MIL OSI – Source: Global Peace and Justice Auckland – Release/Statement
Headline: STALIN WASN’T STALLIN’ – WRITERS FESTIVAL CABARET – MAY 19
STALIN WASN’T STALLIN’
Bookings are now open for an Auckland Writers’ Festival cabaret that features the labour number Which Side Are You On?, the Italian communist anthem Bandiera Rossa, and the Popular Front war-time classic, Stalin Wasn’t Stallin’ (later famously recorded by Soft Machine’s Robert Wyatt).
Stalin wasn’t stallin’
when he told the beast of Berlin
that he’d never rest contented
till he had driven him from the land.
So he called the Yanks and English
and proceeded to extinguish
the Fuhrer and his vermin
this is how it all began…
Calling themselves “The Men Alone—down from the Kaimanawas,” Linn Lorkin, Hershal Herscher and Peter Scott will be performing songs that feature as a background to Dean Parker’s recent novel, Johnson.
Parker will intersperse the songs with brief readings from the novel’s electrically-charged love affair.
Johnson is a sequel to John Mulgan’s classic 1939 New Zealand novel, Man Alone.
Man Alone was the story of a loner who migrates from England to New Zealand in the 1920s, gets caught up in the Queen St hunger riots of 1932, is involved in the killing of a farmer in the central North Island, goes on the run in the Kaimanawas, flees the country and ends up heading into Spain to fight with the International Brigades in the Spanish Civil War.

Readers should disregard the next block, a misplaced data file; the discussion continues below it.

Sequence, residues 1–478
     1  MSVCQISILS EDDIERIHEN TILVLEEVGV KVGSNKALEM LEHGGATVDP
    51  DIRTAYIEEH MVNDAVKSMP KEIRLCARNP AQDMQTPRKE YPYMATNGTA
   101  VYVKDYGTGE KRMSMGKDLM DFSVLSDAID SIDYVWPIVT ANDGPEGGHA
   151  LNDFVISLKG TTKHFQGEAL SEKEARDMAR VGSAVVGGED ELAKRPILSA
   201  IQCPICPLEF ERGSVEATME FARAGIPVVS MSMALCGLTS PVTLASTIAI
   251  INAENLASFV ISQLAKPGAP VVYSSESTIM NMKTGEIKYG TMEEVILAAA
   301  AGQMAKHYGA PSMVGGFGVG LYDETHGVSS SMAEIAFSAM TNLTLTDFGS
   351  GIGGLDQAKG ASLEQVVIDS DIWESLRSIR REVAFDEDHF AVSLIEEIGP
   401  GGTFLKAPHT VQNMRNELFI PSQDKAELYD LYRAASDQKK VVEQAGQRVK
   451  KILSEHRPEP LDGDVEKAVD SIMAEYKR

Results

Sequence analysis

Its sequel Johnson takes the story on from Spain into the Second World War with episodes in Crete, Cairo and central Greece, then back to New Zealand and the 1951 waterfront lockout.
Other songs sung are a tremendous variety from the 1930s, ’40s and ’50s. Red River Valley, Heart and Soul, Lili Marlene, Night and Day, Rum and Coca Cola, Red Red Robin, September Song are all popular favourites from the past, stalwarts of radio listeners’ request sessions.
An interlude in a Cairo hotel means a floor-show of In a Persian Market and Sheik of Araby.
The consummative meetings of the lovers in war-time Athens brings At Last, recorded by Glenn Miller in 1942 and then in 1960 a massive hit for Etta James.
my love has come along
my lonely days are over
and life is like a song…
The Auckland Writers’ Festival takes place at the Aotea Centre over 15-20 May.
The cabaret show will be at the Limelight venue at the Aotea Centre, 7pm, Saturday night, 19 May.